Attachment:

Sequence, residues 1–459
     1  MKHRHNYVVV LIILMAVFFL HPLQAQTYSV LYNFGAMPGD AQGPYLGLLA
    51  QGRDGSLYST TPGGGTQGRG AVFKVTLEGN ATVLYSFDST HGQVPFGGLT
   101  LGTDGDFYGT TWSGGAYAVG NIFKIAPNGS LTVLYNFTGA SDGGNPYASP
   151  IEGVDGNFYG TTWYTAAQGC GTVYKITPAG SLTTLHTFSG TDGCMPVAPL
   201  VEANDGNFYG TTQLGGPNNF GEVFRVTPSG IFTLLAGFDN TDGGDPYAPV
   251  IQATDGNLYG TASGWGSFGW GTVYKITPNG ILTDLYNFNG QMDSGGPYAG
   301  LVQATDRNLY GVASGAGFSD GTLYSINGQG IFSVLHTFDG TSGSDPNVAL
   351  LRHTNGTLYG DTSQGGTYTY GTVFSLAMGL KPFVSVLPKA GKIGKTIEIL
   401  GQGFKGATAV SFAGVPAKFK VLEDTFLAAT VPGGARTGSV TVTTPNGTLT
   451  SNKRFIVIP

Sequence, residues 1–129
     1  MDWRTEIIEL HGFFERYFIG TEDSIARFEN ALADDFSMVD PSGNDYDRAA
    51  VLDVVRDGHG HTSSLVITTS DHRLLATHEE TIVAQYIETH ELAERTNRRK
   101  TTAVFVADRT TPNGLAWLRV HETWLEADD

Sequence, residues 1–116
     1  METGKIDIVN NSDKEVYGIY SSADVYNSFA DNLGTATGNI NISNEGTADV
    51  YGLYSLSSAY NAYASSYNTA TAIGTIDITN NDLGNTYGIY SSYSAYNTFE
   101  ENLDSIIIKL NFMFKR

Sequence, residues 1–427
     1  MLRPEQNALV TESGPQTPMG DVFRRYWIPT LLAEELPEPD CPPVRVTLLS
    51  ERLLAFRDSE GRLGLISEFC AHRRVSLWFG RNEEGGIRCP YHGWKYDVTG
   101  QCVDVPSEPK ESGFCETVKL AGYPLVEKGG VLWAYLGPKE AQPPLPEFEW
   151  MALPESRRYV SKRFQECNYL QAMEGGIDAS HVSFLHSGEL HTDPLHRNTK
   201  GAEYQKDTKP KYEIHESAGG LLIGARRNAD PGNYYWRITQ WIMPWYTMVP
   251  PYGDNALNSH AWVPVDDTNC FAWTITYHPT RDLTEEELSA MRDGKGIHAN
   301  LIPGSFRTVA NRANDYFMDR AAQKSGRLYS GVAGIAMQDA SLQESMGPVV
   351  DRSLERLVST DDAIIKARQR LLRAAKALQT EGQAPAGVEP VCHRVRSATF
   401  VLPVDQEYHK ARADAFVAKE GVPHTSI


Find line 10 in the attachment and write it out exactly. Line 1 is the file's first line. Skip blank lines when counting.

   401  GQGFKGATAV SFAGVPAKFK VLEDTFLAAT VPGGARTGSV TVTTPNGTLT